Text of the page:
I went to China for Rap of China after winning iQIYI’s Rap of China Malaysia Auditions and I did some shows in Taipei as well. I was working around China and Taiwan, and came back to Malaysia for performances. I was basically working every day and that’s how I get paid. I was legit making money through rap music, spitting to mics. I’m actually working on my album but I’m going to release it phase by phase. My current phase is more on self-reflection, and what I currently feel. I’m not sure what style it is but I guess it’s still basically trap, but not the typical sound. We’re trying to push the boundaries of trap music.

Have you been eyeing any specific producers for your next projects?

There’s one thing awkward about me is that I speak in Hokkien and Mandarin most of the time so from the start my producers understood Chinese. All the producers I want to work with I already have under my collective like jaake and Franco.$. Currently the latest one I’m working with is Saucie J.

If you’re talking about the future, who I’d like to work with, I seriously don’t know. But definitely in the future I want to work with more local Malay artists. At first, this Cina thing came about because I wanted to define that we are not Chinese, we are Cina because we are born in Malaysia and we owe it to the country. I feel like I’ve achieved that already, so the next step is about bridging the gap. I don’t want my audience to just listen to my music and I’m hoping the mass Malaysian audience, who are mostly Malays will want to listen to my music as well.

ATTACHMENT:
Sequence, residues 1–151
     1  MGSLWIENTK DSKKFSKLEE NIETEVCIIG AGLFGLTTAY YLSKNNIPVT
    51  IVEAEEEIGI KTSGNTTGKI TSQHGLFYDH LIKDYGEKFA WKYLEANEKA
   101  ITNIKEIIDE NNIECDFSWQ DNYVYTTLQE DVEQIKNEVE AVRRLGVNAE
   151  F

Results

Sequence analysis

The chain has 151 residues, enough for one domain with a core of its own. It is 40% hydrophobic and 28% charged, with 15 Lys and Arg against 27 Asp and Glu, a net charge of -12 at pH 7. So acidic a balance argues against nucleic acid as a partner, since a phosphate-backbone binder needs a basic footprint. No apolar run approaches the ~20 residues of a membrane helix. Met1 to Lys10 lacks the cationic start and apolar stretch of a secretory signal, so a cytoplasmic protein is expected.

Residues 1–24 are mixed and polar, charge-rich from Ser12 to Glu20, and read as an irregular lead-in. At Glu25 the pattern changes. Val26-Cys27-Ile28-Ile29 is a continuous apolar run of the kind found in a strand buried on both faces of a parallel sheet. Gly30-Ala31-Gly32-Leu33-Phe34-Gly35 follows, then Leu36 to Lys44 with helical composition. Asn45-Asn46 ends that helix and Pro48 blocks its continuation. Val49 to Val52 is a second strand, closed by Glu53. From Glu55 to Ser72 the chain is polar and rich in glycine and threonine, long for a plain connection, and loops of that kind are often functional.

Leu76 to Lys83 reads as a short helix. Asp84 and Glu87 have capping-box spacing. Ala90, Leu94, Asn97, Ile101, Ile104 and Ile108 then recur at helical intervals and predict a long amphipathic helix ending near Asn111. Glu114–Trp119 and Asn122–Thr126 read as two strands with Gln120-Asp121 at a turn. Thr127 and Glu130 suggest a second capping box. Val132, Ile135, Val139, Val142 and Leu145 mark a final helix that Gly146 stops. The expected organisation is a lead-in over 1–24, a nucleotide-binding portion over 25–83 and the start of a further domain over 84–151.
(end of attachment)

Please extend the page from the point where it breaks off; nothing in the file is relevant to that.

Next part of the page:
We understand that you went to Taiwan for a while and one of the things you learned was that they’ve got local support going on for them. Is this still something you feel is lacking here? 

I appreciate everyone that supports me but I’m going to be totally honest. Malaysia, especially the Chinese side, is quite toxic. I receive much more hate from them compared to my days spent in Taipei and China. I don’t think it’s a big issue for me but sometimes when you see it, you’re like, what the hell are you thinking? These are the people that write things about you. I’m not sure about the other sides of music in Malaysia but the Chinese scene is quite messed up. We do what we do as long there are a bunch of people supporting us then we do it for them.

What’s your take on the current Malaysian ‘Cina’ rap music scene?

I feel like there’s something going on but still in its infancy stage. We’re not just making rap music we’re creating Cina music in general, including pop, R&B, hyperpop and all experimental sounds. The Malaysian Cina rap scene isn’t mature enough because everyone has their own agenda. It’s good to have an agenda but the competition is a bit toxic, unhealthy. That’s what I feel.

Well, you just keep doing you, Maw. Any parting words for your fans and Gendang readers alike? 

If you guys are thinking of making music, think twice [laughs]. It’s a life choice. You can try it once and then give up. There’s a lot of things you have to sacrifice including your time and money, even your personal life.




Don’t forget to catch Dato’ Maw along with the three other finalists of the Levi’s Music Project on 22nd December, 9PM on Levi’s YouTube channel which you can find below.